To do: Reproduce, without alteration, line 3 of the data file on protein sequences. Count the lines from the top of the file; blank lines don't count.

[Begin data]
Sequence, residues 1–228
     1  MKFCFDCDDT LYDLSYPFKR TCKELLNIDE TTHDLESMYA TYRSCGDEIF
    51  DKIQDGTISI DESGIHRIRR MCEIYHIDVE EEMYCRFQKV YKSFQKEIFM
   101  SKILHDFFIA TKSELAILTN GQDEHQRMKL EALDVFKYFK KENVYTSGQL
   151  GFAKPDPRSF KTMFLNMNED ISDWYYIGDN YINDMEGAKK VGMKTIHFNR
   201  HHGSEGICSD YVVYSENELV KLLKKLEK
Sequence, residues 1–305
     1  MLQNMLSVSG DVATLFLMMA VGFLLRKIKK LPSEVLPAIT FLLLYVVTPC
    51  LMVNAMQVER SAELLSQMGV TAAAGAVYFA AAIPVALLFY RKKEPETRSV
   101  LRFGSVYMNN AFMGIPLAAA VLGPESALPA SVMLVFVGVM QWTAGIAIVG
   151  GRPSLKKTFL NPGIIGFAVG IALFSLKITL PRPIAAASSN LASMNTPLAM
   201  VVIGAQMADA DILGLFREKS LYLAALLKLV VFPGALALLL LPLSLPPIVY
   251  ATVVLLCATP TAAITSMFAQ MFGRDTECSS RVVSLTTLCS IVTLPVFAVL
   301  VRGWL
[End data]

    51  DKIQDGTISI DESGIHRIRR MCEIYHIDVE EEMYCRFQKV YKSFQKEIFM